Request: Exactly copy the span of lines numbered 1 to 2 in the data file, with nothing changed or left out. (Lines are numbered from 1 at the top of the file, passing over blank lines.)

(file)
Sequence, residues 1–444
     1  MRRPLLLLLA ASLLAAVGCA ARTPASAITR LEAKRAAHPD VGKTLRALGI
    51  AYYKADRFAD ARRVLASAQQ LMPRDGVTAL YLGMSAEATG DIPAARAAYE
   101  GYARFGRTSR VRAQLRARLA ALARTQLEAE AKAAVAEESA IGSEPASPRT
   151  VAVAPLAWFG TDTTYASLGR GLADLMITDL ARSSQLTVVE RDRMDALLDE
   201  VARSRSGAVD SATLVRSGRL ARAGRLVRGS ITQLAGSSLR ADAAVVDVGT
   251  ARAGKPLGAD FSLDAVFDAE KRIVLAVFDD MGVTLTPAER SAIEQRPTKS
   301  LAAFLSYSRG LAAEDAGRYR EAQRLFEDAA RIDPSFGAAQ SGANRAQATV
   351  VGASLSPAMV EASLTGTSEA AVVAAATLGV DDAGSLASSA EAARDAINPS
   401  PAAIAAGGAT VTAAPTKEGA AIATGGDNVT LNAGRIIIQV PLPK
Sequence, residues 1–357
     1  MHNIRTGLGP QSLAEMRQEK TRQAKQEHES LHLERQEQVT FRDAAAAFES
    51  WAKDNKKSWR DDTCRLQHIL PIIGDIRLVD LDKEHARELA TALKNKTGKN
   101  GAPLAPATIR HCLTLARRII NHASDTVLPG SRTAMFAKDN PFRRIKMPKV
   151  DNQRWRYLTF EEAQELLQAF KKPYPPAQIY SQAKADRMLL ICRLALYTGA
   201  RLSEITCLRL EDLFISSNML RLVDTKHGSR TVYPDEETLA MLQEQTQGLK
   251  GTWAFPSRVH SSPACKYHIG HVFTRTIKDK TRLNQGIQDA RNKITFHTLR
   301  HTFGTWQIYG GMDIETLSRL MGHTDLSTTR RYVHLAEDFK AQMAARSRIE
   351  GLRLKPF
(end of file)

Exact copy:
Sequence, residues 1–444
     1  MRRPLLLLLA ASLLAAVGCA ARTPASAITR LEAKRAAHPD VGKTLRALGI